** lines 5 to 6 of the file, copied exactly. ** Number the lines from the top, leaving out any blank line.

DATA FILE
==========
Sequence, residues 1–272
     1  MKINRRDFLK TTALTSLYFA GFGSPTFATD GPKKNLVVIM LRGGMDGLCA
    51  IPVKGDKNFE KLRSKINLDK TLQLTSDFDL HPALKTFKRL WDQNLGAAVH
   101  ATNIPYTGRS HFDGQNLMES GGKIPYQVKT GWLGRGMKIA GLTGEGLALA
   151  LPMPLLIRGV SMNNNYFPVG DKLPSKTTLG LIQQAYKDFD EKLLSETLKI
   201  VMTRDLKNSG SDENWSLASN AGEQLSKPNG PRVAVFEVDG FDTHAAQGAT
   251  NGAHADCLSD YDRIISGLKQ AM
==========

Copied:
   151  LPMPLLIRGV SMNNNYFPVG DKLPSKTTLG LIQQAYKDFD EKLLSETLKI
   201  VMTRDLKNSG SDENWSLASN AGEQLSKPNG PRVAVFEVDG FDTHAAQGAT